Young women drink far more alcohol than their mothers, right? Surprisingly, no. New research shows that for the first time ever, more women in their 50s are exceeding the lifetime risk guidelines for alcohol, compared to women aged 18 to 24.
The recent National Drug Strategy Household Survey analysed responses from 24,000 people in 2016.
The survey found that while young women are becoming more moderate in their use of drugs and alcohol, older generations are adopting riskier behaviours.
The stats: young people reduce their risk
These statistics might shock you:
People over 40 were more likely to have used illicit drugs in the past year, than in 2013 (from 14% to 16%).
People aged 12 to 24 were more likely to avoid illicit drugs, alcohol and smoking than any other time since 2001.
People aged 12 to 24 who did use drugs and alcohol used them less than in previous years.
In 2017, around 20% of women aged 18 to 24 consumed two or more drinks a day. In 2016, this number was down to 12.8%.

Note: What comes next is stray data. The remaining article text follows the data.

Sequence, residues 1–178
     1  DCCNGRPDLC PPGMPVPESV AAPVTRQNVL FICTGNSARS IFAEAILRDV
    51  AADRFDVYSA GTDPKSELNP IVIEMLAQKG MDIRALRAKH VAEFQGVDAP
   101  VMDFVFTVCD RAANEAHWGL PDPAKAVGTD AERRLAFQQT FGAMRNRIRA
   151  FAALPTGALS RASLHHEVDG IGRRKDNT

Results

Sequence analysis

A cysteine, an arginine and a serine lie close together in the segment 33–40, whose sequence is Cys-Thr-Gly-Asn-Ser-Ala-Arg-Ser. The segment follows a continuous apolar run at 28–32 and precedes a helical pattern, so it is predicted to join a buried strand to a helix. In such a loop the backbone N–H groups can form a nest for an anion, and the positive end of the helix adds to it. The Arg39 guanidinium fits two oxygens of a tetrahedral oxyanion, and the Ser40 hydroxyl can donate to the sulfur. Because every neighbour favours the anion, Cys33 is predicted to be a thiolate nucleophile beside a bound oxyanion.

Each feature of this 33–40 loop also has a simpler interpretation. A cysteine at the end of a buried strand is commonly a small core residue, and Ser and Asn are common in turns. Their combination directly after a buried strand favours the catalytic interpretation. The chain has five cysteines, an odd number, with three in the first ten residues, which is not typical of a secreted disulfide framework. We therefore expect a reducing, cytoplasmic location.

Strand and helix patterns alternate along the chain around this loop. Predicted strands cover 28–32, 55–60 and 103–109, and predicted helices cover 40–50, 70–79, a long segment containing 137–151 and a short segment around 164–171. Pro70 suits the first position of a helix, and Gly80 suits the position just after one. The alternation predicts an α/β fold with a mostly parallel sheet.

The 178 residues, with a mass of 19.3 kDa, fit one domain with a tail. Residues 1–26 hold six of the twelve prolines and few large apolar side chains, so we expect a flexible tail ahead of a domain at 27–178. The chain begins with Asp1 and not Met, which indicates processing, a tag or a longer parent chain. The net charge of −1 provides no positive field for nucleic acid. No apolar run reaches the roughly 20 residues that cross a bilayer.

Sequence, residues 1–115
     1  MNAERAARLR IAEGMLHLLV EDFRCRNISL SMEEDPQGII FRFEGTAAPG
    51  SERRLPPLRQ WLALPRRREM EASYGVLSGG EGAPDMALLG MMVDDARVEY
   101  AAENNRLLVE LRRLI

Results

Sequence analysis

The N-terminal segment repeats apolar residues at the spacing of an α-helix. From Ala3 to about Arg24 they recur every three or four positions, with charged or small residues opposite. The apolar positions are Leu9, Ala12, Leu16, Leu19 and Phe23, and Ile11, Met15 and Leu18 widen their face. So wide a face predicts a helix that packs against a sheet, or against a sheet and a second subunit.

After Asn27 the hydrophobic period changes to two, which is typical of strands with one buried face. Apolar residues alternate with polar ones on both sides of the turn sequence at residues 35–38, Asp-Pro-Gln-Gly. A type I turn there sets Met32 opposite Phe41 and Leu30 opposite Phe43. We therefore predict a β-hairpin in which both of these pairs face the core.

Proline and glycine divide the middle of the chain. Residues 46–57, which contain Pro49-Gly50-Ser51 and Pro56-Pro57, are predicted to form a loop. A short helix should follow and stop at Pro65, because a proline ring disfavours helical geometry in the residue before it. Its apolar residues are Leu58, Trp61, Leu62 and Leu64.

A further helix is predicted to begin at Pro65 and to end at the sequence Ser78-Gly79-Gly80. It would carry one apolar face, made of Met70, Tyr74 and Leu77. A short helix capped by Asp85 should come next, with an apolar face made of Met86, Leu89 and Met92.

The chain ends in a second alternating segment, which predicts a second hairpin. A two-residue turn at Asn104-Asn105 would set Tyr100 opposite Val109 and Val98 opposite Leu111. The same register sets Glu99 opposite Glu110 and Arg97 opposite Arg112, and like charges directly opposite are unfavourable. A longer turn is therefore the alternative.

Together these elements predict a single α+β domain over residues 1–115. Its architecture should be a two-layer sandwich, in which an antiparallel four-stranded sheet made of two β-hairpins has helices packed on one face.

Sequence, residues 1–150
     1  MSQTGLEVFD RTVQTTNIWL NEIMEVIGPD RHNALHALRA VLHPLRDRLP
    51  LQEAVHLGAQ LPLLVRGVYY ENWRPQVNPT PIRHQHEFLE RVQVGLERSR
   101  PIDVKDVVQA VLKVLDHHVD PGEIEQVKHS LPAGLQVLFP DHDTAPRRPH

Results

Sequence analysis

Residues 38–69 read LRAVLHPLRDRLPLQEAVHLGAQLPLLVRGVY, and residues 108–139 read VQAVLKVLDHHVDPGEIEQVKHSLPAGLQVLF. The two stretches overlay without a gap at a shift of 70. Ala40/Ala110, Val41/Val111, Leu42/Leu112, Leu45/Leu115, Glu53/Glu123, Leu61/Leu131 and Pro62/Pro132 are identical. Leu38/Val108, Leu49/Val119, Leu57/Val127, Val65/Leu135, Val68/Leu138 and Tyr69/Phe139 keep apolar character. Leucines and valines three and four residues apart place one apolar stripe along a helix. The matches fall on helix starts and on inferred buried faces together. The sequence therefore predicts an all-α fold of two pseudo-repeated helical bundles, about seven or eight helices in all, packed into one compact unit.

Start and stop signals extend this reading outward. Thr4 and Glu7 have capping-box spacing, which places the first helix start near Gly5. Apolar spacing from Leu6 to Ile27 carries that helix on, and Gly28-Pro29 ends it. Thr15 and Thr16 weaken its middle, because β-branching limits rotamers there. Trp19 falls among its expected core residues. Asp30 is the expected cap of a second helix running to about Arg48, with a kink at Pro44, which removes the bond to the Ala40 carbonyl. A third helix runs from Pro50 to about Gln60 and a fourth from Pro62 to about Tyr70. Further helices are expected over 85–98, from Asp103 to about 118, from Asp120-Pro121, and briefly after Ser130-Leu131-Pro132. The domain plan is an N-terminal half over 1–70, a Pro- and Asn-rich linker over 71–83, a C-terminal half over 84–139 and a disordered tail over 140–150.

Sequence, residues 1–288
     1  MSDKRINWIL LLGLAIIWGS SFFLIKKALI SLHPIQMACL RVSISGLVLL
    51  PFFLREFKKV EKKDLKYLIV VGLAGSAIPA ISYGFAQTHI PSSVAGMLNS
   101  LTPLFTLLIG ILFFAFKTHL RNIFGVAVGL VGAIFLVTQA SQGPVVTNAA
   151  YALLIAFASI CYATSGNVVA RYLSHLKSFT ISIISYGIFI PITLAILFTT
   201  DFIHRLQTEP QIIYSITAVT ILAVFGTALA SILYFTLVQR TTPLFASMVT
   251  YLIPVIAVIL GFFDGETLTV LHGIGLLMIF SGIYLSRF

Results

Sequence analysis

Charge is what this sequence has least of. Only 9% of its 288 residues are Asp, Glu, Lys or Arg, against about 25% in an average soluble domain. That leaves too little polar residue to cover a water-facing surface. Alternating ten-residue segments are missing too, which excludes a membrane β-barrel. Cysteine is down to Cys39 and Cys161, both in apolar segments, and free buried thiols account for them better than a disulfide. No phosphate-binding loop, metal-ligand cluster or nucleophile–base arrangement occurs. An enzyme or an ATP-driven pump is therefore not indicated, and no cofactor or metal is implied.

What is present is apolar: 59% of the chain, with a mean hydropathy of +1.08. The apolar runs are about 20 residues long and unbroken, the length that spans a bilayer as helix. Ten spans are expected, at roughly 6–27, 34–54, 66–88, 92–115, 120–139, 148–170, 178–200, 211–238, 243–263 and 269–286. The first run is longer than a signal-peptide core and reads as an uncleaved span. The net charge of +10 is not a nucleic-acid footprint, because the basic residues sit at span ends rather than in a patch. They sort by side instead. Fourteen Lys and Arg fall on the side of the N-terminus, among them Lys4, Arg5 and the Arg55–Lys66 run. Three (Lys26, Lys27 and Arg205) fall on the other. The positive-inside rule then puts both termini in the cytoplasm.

Older women the riskiest drinkers
Are your socks still on? Well, this might knock them off!
The survey also found that more women in their 50s were drinking more than two standards drinks a day. And, more people in their 50s had 11 or more drinks on one occasion. This exceeds the lifetime risk guidelines, which could be putting their health at risk. Why?
Here's what Professor Brian Draper told the Sydney Morning Herald: "The baby boomer generation had a much greater use of drugs and alcohol than their predecessors."
"It's that particular generation, and also it coincided with women getting much more into the workforce and the feminist movement having a big influence on what women could do, so there's been huge societal changes with that particular generation."
"If you're a woman or man, say 60 years old, and your friends are drinking and you go out and do things together, it influences how you behave."
If you have a drinking problem, one possible solution is hypnotherapy. To get in touch with a hypnotherapist near you, click here.